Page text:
How do we Interact with Someone Who has been Disciplined?


    Paul writes in 1 Corinthians 5:11 “But now I am writing to you not to associate with anyone who bears the name of brother if he is guilty of sexual immorality or greed, or is an idolater, reviler, drunkard, or swindler—not even to eat with such a one.”

    How are we to make sense of this?


    1)      I don’t think that means we physically exclude the person from attending church. Excommunication is barring a person from the Lord’s Supper which is intended to mark off those who are repenting of sin and trusting in Christ. But the church’s gathering is an opportunity for them to sit under the preaching of God’s word – we should welcome and encourage that in most circumstances.


    2)      When Paul says not even to eat with such a one – he’s not saying we should avoid our non-Christian friends. Far from it! Rather, to avoid the one who “bears the name of brother” and is in unrepentant sin. Love compels us to not act as if everything is okay – as in sharing a meal. A person’s soul is at stake so what should characterize our interaction with them is deliberate conversations about repentance.


    3)      What if the excommunicated person is a family member? I don’t think Paul’s words apply in that situation. Just as Peter and Paul have a category for living an unbelieving spouse[4], a shared meal with a spouse does not have the same implication of a shared meal between friends. 


    When and How Do we Restore Someone from Discipline?


    Just as discipline should take place when characteristic unrepentance can be determined, restoration should happen as soon as characteristic repentance can be determined. How long this takes will vary from situation to situation, but when it is determined, the church should restore the person, and forgive with no talk of probation or 2nd class citizenship.


    One example of this is in


    2 Corinthians 2:5–11 “Now if anyone has caused pain, he has caused it not to me, but in some measure—not to put it too severely—to all of you. 6 For such a one, this punishment by the majority is enough, 7 so you should rather turn to forgive and comfort him, or he may be overwhelmed by excessive sorrow. 8 So I beg you to reaffirm your love for him. 9 For this is why I wrote, that I might test you and know whether you are obedient in everything. 10 Anyone whom you forgive, I also forgive. Indeed, what I have forgiven, if I have forgiven anything, has been for your sake in the presence of Christ, 11 so that we would not be outwitted by Satan; for we are not ignorant of his designs.”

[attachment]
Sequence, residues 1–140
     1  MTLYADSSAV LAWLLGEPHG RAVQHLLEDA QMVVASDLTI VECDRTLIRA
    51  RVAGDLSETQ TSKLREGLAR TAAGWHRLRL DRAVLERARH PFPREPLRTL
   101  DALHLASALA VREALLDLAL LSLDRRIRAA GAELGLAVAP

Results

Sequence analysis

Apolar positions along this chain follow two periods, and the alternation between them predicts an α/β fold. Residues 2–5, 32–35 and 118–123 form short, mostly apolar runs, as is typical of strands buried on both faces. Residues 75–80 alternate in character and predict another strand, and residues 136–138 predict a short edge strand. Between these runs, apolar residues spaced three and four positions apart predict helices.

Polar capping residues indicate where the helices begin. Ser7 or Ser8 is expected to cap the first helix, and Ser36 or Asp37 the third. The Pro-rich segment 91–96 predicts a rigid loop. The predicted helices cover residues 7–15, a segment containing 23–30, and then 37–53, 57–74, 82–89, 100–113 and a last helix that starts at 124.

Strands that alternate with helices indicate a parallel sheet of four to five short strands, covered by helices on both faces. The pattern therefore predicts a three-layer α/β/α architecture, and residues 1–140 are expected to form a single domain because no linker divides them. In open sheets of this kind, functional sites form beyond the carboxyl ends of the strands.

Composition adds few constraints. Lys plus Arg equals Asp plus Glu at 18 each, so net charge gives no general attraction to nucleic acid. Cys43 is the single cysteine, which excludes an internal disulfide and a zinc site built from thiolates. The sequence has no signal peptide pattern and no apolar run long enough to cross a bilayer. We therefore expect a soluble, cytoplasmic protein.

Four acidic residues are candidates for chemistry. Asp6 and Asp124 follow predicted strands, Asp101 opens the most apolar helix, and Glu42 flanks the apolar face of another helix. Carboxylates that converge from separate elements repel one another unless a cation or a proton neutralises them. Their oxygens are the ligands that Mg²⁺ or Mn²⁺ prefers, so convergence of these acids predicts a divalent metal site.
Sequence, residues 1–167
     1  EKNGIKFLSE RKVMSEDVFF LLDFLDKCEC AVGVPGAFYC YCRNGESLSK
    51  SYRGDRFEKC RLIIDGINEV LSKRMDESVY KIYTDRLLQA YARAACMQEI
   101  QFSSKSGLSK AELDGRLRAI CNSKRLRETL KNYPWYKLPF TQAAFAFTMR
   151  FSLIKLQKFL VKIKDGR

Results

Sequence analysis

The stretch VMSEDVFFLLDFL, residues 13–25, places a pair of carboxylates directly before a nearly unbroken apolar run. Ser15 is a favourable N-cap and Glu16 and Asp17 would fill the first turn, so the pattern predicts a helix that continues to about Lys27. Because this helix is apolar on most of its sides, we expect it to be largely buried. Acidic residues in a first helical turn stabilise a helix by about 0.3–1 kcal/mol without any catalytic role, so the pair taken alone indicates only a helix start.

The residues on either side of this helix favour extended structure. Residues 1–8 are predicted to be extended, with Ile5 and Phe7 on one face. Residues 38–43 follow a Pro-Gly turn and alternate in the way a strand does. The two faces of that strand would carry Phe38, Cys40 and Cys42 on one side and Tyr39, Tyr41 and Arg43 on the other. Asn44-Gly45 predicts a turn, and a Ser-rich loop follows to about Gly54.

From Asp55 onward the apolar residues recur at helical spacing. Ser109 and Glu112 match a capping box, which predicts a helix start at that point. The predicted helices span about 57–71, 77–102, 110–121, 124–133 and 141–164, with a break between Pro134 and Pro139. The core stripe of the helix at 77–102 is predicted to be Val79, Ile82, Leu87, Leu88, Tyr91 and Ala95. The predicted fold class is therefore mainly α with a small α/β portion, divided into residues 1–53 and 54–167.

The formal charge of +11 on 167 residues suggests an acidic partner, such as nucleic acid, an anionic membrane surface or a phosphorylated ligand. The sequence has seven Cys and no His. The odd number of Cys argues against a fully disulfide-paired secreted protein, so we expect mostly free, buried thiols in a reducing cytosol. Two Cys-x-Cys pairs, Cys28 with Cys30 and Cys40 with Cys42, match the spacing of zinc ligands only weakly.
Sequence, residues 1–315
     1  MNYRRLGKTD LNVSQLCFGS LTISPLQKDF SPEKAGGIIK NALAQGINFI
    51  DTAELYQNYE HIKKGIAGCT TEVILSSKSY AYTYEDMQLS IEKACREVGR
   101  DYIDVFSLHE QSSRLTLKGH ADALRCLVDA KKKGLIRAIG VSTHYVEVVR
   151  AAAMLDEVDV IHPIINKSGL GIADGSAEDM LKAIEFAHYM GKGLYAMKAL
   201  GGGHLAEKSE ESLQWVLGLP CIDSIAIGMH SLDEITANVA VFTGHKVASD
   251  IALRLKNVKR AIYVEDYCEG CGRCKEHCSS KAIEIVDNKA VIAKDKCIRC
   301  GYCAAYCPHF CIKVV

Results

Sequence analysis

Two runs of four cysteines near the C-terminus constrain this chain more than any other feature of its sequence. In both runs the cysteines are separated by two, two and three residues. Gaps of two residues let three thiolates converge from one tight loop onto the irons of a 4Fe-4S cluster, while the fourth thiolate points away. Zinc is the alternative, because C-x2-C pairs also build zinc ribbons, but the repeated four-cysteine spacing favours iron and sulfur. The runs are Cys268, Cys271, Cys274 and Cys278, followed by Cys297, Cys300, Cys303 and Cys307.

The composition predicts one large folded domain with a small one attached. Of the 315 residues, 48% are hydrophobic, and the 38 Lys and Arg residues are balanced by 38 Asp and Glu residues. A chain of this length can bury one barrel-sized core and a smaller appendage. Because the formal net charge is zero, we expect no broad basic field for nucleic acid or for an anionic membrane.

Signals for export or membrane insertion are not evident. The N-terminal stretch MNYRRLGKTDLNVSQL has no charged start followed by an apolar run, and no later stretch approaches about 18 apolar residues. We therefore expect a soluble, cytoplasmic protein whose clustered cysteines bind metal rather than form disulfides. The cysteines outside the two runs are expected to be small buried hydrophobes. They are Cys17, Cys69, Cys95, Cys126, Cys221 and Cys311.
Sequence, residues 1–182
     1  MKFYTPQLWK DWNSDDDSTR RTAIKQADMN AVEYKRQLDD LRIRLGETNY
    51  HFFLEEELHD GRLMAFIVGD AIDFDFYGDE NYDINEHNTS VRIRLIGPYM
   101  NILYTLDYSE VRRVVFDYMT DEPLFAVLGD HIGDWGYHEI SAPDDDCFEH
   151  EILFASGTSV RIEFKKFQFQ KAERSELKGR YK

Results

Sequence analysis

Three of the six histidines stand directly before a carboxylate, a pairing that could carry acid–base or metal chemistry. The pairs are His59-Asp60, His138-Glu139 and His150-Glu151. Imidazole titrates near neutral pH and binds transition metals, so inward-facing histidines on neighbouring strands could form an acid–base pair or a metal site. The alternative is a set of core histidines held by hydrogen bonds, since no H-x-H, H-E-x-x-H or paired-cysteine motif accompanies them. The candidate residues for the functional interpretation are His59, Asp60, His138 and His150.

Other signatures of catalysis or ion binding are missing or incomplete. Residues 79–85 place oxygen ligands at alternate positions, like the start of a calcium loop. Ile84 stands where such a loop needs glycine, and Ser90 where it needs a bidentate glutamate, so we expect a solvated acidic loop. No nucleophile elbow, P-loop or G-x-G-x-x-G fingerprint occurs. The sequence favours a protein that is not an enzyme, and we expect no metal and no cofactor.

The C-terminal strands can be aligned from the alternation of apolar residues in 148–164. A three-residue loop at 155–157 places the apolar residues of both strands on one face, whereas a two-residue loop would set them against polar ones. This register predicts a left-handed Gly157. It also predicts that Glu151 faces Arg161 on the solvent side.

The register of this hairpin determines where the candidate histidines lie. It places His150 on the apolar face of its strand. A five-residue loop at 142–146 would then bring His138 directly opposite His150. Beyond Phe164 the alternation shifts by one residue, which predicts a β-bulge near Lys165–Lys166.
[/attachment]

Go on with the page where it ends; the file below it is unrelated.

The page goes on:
I find v11 instructive. There are times whether individually or corporately, where forgiveness can be costly and difficult. But Paul encourages forgiveness not only because we have been forgiven ourselves (Eph. 4:32), but because he doesn’t want us to be outwitted by Satan. With unforgiveness, bitterness and anger and division are soon to follow.


    If you were with us at our last members meeting you saw this beautifully on display. Not every case of discipline ends this way, but in this situation, the individual who was excommunicated was awakened to his situation. His grief produced a repentance and he was forgiven not only by God, but by our congregation. We’re told in Luke 15 that heaven celebrates with great joy at such repentance – and the relief, the joy, and the applause we heard that night was only fitting. 


    The hope is that in being careful with church membership and in practicing church discipline, we not only tell the truth to each other about our standing before God; but that we also tell the truth about God to a watching world.


    Discussion Questions


    1)      If a church does not have a history of practicing church discipline, what would be good to make sure is established before doing so?


    Teaching on the gospel and subject of discipline, careful membership, private accountability, having church documents (covenant, statement of faith) that reflect the practice of discipline…


    [1] The Problem of Pain, pg. 40

    [2] See also Hebrews 3:12-13; 1 John 1:5-10

    [3] Col. 3:13

    [4] 1 Pet. 3, 1 Cor. 7